Pragmatic Language: Skills to Develop Fluid and Functional Communication

Pragmatic language refers to the social language skills that we use in our daily interactions with others. This includes what we say, how we say it, our non-verbal communication (eye contact, facial expressions, body language, etc.) and how appropriate our interactions are in a given situation.

Initiating: This means to use communication ( verbal, nonverbal) to start something that is not routine. This could be asking for help, seeking new information, entering a conversation, joining a group. Although unconventional behaviors can be a way of initiating communication, it is therefore important to teach the student different ways to initiate communication. Example: The child throws himself on the floor and tantrums and then is led to a swing to assist him in calming down.  We should teach the child how to request the swing in a more conventional way.

Accessing Partner’s Attention: Before we begin to talk we get our partner’s attention in some way. There are children with ASD that have difficulty with this. If a student uses an Augmentative Communication device and does not call attention the listener may not hear it or know that the person is trying to communicate a message. This is an important skill that we need to make sure we teach the students whether it is with a switch or words that the child can use.

Perseverance: If our message is not understood we change it in some way. We may say it louder, or change the wording or use gestures or visuals to get it across. Some students with ASD may have difficulty with this and send a message but if it is not understood not change it or persevere to make sure the listener understands. The child may then get angry because you have not understood.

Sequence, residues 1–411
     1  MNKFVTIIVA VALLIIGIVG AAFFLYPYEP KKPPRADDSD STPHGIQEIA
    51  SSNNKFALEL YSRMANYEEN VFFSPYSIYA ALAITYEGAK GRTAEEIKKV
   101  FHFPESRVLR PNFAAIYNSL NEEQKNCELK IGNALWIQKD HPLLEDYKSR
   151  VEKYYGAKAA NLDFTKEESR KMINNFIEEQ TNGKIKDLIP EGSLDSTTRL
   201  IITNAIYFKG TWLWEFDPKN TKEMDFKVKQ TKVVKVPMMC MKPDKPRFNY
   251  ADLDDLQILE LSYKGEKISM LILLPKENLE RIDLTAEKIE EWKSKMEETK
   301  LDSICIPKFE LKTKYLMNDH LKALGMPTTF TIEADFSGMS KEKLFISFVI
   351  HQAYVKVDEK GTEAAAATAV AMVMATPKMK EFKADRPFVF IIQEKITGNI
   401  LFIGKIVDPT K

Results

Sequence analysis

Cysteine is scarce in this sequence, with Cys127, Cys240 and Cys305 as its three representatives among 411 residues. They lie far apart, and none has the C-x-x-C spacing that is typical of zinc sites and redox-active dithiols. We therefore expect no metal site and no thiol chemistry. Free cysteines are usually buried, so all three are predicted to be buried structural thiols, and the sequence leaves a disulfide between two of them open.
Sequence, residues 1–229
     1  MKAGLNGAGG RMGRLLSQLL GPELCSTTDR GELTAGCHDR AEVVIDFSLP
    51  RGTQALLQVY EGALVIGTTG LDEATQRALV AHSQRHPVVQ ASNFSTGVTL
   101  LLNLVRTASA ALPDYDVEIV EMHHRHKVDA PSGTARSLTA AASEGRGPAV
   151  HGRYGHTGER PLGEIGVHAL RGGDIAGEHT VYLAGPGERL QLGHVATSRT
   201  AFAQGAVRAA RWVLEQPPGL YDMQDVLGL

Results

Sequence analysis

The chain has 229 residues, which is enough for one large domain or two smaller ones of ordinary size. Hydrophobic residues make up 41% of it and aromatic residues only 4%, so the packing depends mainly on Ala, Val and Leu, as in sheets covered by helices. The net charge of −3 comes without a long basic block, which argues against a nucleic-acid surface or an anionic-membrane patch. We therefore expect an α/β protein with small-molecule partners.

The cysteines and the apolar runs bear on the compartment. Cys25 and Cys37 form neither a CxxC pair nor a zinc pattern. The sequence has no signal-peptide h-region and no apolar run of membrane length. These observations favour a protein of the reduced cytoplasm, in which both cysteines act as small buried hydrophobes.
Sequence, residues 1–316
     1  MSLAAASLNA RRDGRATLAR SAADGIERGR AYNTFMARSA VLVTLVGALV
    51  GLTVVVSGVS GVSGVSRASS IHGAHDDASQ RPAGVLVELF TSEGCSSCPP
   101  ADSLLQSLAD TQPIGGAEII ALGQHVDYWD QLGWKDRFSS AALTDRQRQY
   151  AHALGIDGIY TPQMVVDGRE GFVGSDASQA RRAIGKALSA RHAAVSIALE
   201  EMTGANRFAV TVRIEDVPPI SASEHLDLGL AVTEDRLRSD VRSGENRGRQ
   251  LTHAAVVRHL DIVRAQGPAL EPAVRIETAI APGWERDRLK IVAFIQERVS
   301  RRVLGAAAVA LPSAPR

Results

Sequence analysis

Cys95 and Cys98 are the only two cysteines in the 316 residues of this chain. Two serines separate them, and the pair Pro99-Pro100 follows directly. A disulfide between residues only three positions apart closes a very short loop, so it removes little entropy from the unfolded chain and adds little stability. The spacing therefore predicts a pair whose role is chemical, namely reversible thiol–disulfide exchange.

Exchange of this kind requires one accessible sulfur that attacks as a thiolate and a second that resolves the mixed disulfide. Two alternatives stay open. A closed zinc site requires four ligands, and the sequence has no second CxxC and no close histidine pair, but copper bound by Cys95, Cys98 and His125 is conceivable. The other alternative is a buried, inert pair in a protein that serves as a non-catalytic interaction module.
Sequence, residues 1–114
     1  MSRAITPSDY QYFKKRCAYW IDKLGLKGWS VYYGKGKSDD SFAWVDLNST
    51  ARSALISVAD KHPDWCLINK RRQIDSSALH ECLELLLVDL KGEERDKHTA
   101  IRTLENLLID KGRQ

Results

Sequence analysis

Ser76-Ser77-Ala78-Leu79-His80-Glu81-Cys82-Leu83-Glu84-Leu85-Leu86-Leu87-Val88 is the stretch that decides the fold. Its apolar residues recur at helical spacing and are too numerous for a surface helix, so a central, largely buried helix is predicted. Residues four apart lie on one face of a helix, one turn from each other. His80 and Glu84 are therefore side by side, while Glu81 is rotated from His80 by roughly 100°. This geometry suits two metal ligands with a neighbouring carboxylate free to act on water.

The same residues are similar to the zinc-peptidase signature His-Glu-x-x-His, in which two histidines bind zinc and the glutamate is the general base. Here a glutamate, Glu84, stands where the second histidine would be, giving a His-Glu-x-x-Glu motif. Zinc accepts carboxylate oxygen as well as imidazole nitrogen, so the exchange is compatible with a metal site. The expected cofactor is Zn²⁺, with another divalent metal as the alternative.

Topic Maintenance: During a conversation individuals take turns sharing their thoughts and opinions about a topic. It is important to keep on a topic so that the back and forth of the conversation can happen and people will know what you are talking about. Think about it as a tennis match in which you are volleying back and forth if someone then threw a football the tennis player would not know what to do. This is a skill that is difficult for students with ASD as it is part of their difficulty with ‘theory of mind’. They may be conversing and thinking that you will know why in your discussion about the upcoming snowstorm they begin to give you facts about the Titanic. ( snow made them think of ice, which then made them think of their favorite topic the Titanic).

Communication Repair:  When we are conversing and realize that the person we are speaking to does not understand us we make changes to ‘repair’ the conversation. We may talk louder, rephrase what we are saying, give additional information or reintroduce the topic. Because of their difficulty with theory of mind people with ASD have difficulty with communication repair they may not realize that there is a breakdown thinking that of course, you know what they are talking about. Some students may become very frustrated and give up. This is a big difference between people with ASD and other communication difficulties. For example, a person with a language learning problem in seeing that they are not understood might gesture or draw their message to help the listener knowing that they have been misunderstood.

Perspective Taking: Perspective taking skills are rooted in a cognitive skill called, “Theory of Mind.” A formal definition of the Theory of Mind is, “an understanding of other people’s mental states” (their thoughts, feelings, desires, motivations, intentions). People use this information to make sense of other people’s behavior, predict what people may do or say next, and to think about one’s own social behavior and adjust it accordingly. Theory of Mind deficits may result in difficulties with: being sensitive to other people’s feelings, taking into account background knowledge, reading the listener’s interest level in conversation, detecting a speaker’s hidden meaning, anticipating what others think of one’s own social behaviors, and understanding “unwritten” social rules.

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